Construction Materials


Carnegie Mellon's AI Program Aims to Better Prepare Students for the Changing Workforce

#artificialintelligence

The goal is to train students to build complex software systems or powerful robots that utilize multiple different AI technologies, whether it be machine learning tech to help those systems learn from data or technology that helps robots see and perceive the world similar to humans. However, there hasn't been a standardized way to develop these complex projects that require multiple AI technologies to function together. Similar to how building a skyscraper requires people with expertise in diverse fields like structural engineering and concrete mixing, building powerful software like Siri or robots requires people with expertise in many different areas of AI. "We have done a good job of covering all the component parts," Moore said of teaching different subsets of AI like machine learning and computer vision.


MIT students hack assistive technology solutions for local clients

MIT News

Students have one day to create prototype assistive devices to suit client needs. Students had access to a wide range of resources, including working space, machinery, and building materials, within Beaver Works and technical assistance from several mentors: John Vivilecchia, Kurt Krueger, and Richard Landry of MIT Lincoln Laboratory; Don Fredette of The Boston Home; Michael Buchman of the MIT Department of Mechanical Engineering; and Mary Ziegler of the MIT Office of Digital Learning. The team decided to hack a universal remote that communicates via Wi-Fi with a web interface from which Dan could control television power, volume, and channels. Once the build time was over, several judges, including the ATHack organizers, David Crandelle and David Binder of the Spaulding Rehabilitation Network; John Vivilecchia; Don Fredette; and Mary Ziegler evaluated each team's device.


Robotics, Smart Materials, and their Future Impact for Humans

#artificialintelligence

The boundaries between smart materials, artificial intelligence, embodiment, biology, and robotics are blurring. Smart materials largely cover the same set of physical properties (stiffness, elasticity, viscosity) as biological tissue and state-of-the-art soft robotic technologies that have the potential to deliver this capability. We can foresee smart skins, assist and medical devices, biodegradable and environmental robots or intelligent soft robots. Ultimately wearable assist devices will make conventional assist devices redundant.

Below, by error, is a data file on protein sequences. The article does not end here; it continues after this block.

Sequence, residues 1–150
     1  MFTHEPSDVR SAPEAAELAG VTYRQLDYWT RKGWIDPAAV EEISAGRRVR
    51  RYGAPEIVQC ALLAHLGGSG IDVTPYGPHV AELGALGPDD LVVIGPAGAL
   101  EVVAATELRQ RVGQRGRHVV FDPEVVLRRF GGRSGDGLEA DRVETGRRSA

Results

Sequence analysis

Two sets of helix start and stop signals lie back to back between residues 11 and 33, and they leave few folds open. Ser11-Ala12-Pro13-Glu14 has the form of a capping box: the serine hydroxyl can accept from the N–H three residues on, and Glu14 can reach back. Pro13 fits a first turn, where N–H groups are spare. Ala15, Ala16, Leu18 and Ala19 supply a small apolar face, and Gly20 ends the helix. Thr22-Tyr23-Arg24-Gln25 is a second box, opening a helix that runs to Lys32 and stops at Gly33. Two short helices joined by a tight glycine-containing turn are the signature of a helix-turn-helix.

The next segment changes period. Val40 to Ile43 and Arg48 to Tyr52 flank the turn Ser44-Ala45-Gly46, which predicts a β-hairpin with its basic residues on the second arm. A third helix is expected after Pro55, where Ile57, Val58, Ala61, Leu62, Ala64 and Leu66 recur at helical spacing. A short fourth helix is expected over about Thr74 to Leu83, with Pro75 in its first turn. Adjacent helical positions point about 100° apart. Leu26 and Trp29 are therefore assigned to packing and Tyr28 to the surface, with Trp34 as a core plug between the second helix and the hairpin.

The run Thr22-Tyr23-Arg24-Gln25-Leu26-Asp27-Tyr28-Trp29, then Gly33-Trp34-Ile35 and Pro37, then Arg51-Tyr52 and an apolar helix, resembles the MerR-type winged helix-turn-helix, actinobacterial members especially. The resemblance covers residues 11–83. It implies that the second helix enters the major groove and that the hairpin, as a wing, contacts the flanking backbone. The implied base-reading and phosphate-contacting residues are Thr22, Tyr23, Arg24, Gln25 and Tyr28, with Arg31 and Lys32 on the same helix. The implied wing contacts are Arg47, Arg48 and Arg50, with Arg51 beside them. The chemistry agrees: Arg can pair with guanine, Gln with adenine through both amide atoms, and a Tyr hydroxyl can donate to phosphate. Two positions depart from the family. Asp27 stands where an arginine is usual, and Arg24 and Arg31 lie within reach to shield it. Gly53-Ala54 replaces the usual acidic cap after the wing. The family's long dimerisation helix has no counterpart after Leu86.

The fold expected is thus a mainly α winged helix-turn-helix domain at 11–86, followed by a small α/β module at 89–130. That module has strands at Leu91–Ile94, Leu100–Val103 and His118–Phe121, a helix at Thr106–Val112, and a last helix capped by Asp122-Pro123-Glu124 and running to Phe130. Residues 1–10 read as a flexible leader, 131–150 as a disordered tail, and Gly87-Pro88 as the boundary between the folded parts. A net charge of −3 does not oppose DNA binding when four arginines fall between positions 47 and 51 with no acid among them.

Robotics, Smart Materials, and their Future Impact for Humans

#artificialintelligence

The boundaries between smart materials, artificial intelligence, embodiment, biology, and robotics are blurring. Smart materials largely cover the same set of physical properties (stiffness, elasticity, viscosity) as biological tissue and state-of-the-art soft robotic technologies that have the potential to deliver this capability. We can foresee smart skins, assist and medical devices, biodegradable and environmental robots or intelligent soft robots. Ultimately wearable assist devices will make conventional assist devices redundant.


Energy-efficient design

MIT News

Now an MIT team has demonstrated a computer simulation that can help architects optimize their designs for both future operational energy and the initial energy required for making structural materials -- at the same time. To test those trade-offs in practical systems, Mueller and Brown analyzed three types of long-span structures: an enclosed, trussed arch; a "PI" structure (resembling the Greek letter); and an "x-brace." The dark dot at the farthest left in each diagram minimizes structural embodied energy regardless of operational energy, while the dark dot at the farthest right minimizes operational energy regardless of embodied energy. In that case, moving left along the Pareto front will enable the user to significantly reduce embodied energy without much sacrifice in operational energy -- as far as the knee, when operational energy suddenly jumps up.


Is data science a new paradigm, or recycled material?

@machinelearnbot

Many data science techniques are very different, if not the opposite of old techniques that were designed to be implemented on abacus, rather than computers. The way (big) data is processed has also dramatically changed: it requires optimizing complex Hadoop-like architectures, and computational complexity is not an issue any more in many cases (as long as you use efficient algorithms). According to this, using an abacus or a computer means no change in paradigm: we are still dealing with automated computations to obtain more value faster. They might see it coming but are afraid: it means automating data analyses at a fraction of the current cost, replacing employees by robots, yet producing better insights based on approximate solutions.